Meanwhile, returning to the Cybermen episodes, Roger Lloyd Pack was worried he wouldn't be able to take on the role of enemy John Lumic after he fell down the stairs at home and broke a leg. Scripts have been rewritten to accommodate his injury and now sees him wheelchair-bound. Apparently, this has had the effect of adding to the mystery and intrigue surrounding his character! Let's hope he makes a speedy recovery.

Saturday, 17 December 2005

"Bleak House", then and now!

It's difficult to choose a stand out performance from the latest television adaptation of "Bleak House" by Charles Dickens, when they were all so uniformally excellent, but, if pushed, I would have to say newcomer Burn Gorman as Mr. Guppy (pictured) stole the show. He had the voice, the facial mannerisms, the body language, all off to a fine art. The only thing he didn't do was wipe his hands in the table cloth while first proposing to Esther Summerson, as Jonathan Moore did in the same role twenty years ago!

It's been difficult to avoid comparison with the production from 1985 as it was this earlier version which first brought the story to my attention, despite already being a fan of costume drama and the novels of Dickens. Denholm Elliot brought more grit to his portrayal of John Jarndyce in the mid-Eighties while Denis Lawson, in turn, brought much humanity to a truly good-natured human being.

Both versions of "Bleak House" featured a comedian but in different roles! Charlie Drake was Smallweed in the older dramatisation; Johnny Vegas played Krook in the serial which concluded its eight-week, fifteen episode, run yesterday evening. Both versions featured actresses better known for cult roles in the same part!! Diana Rigg, Mrs. Emma Peel in Sixties classic "The Avengers", played Lady Dedlock previously while Gillian Anderson, Dana Scully in US SF series "The X Files", portrayed her on this occasion.

For anyone who has missed what is, without doubt, the drama of the year, there is an opportunity to see the final two episodes again this Sunday afternoon or view the entire serial on BBC FOUR over two nights at the end of the month. Failing that, I thoroughly recommend investing in the DVD release available from the end of February, next year.

Friday, 16 December 2005

Back from the USSR!

Three years after t.A.T.u burst onto the pop scene amid a blaze of publicity, and scored a number one hit with their UK debut "All The Things She Said", the controversial Russian duo are back with a new album and single. The single, "All About Us", charted well while the album, "Dangerous And Moving", which came out on 10 October, seems to have found only a limited release. I have seen it in HMV but in none of the supermarkets which is a shame as I think it is power pop at its best!

On the left of the above picture is Julia Volkova and on the right redhead Lena Katina whose on stage antics together seemed to upset a lot of media folk prompting chatshow hosts Richard and Judy to suggest their viewers boycott the girls' original release. The former "This Morning" presenters might do better to target the misogynistic lyrics of certain rappers than attack something as mild as this and which is no more than a marketing gimmick. In any case, it made no difference to the success of what I think is a perfectly crafted pop song though that probably had as much to do with the skill of Trevor Horn's production as it did the ability of the two singers!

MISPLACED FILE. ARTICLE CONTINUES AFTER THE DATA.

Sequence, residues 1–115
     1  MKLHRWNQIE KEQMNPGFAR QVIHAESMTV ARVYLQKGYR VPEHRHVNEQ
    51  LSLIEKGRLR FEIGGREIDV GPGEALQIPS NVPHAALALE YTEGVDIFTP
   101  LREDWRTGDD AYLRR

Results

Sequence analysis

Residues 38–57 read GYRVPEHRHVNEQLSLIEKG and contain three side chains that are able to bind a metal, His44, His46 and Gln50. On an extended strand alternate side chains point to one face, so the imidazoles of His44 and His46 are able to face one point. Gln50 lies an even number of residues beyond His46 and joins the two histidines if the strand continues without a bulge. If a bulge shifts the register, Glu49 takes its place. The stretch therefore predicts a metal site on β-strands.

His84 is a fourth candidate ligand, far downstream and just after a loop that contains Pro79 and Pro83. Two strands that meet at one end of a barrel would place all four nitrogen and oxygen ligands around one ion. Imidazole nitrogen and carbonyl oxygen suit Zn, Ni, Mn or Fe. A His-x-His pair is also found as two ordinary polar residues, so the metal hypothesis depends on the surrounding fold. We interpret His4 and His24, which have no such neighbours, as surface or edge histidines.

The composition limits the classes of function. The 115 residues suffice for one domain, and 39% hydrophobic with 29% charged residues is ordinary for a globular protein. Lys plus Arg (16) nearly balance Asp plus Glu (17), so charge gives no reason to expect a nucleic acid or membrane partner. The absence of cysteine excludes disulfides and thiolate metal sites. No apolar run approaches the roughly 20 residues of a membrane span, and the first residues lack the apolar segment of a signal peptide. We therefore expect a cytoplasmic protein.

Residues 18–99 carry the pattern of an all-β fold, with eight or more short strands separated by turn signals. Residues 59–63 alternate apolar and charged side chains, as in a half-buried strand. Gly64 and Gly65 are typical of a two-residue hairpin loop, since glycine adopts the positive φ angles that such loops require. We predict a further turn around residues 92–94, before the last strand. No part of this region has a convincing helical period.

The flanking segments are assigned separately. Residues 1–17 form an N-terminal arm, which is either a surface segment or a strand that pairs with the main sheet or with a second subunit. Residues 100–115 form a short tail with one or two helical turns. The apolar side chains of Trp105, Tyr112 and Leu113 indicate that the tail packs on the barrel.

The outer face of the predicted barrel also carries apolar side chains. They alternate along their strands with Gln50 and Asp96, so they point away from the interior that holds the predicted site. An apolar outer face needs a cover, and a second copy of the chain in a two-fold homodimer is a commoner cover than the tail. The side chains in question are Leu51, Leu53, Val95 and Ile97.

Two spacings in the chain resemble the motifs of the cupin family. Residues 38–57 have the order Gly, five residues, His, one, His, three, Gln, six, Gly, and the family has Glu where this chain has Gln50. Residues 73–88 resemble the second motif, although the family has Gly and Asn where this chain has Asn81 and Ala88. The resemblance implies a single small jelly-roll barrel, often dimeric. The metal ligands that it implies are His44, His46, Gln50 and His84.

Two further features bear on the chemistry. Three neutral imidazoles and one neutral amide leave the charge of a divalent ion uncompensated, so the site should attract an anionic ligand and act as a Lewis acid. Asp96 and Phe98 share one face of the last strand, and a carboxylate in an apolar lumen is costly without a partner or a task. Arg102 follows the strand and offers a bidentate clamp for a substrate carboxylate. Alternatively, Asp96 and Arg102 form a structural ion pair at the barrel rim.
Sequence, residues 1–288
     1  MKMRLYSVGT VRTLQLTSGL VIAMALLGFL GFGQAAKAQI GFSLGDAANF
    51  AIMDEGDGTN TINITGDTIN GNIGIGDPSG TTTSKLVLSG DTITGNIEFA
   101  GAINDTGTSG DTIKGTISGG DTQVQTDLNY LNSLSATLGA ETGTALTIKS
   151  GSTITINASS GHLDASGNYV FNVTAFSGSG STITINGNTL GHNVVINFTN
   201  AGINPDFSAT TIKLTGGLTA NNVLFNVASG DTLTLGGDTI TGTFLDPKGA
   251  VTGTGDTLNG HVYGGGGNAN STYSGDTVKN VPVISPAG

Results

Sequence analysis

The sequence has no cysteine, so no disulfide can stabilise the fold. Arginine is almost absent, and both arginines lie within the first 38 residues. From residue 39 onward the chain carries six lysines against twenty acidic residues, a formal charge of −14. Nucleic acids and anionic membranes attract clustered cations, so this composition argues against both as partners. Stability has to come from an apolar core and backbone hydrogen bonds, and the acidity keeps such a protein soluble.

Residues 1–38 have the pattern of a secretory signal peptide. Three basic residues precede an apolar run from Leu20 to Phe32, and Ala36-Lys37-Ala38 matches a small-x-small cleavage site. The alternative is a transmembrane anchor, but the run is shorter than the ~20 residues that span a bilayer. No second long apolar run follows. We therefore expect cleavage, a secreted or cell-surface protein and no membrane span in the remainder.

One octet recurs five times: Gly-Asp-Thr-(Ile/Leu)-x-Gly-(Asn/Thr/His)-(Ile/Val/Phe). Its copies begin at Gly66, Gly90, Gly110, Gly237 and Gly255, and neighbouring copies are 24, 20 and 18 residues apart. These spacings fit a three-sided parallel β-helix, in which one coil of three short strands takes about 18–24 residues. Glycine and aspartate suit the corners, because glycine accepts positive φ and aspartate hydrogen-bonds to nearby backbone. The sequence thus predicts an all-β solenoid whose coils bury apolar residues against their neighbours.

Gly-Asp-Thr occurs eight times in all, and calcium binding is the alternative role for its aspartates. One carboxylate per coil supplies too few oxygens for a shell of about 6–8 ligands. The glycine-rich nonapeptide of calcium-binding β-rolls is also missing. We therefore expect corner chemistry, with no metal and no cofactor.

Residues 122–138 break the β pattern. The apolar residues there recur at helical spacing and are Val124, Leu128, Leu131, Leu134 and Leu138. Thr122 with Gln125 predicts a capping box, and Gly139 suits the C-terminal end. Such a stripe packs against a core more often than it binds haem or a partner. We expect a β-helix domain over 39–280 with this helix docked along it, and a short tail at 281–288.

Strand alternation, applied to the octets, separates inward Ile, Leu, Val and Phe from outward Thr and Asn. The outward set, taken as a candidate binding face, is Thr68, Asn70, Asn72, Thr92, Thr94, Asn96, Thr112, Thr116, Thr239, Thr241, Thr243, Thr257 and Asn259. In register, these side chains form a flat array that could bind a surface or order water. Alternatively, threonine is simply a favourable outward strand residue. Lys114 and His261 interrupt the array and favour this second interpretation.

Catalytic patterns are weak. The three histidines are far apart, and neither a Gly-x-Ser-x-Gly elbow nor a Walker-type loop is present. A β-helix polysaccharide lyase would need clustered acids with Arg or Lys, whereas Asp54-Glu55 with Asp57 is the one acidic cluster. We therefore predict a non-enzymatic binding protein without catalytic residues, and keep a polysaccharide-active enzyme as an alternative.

Thursday, 15 December 2005

So here it is, Merry Christmas...

Ten days to go until David Tennant makes his debut as Doctor number ten! The significance of the title of this post will become clear when you see the part of the episode where Mickey hears the TARDIS above the radio!! The remarkable thing is that "Doctor Who" hasn't appeared on Christmas Day for exactly forty years!!! That episode was "The Feast of Steven" and appeared as light relief in the middle of the 12-part "Daleks' Master Plan" epic in which first Doctor William Hartnell turned to the camera to wish viewers a Merry Christmas.

The new episode sounds as though it follows the structure used for the closing two episodes of the Chris Eccleston season. The first half, instead of robot game-show presenters, features a deadly quartet of robot brass instrument-playing Santas and a lethal rotating Christmas tree as the vanguard to the alien invasion. This time, instead of Daleks, we meet the Sycorax. My first thought on seeing this new villain was that Jon Pertwee's Doctor would have enjoyed them because of the half mask design, which he believed allowed the actor behind the make-up to give a real performance.

Christmas this year is a "Doctor Who" feast across both TV and Radio with the documentary "Regeneration", next Tuesday on Radio 2 at 8:30pm, preceding the television special. Before that on BBC7, beginning this Saturday, Robert ("Dalek") Shearman's highly regarded 4-part eighth Doctor story, "The Chimes of Midnight", also set on Christmas Eve, receives its first broadcast. Chris Eccleston's season is rerun on BBC THREE from Boxing Day in daily double bills leading up to the first repeat of "The Christmas Invasion" on New Year's Day, exactly a week after its first transmission. All-in-all, a lot to look forward to!

Wednesday, 7 September 2005

The Shape of Things to Come!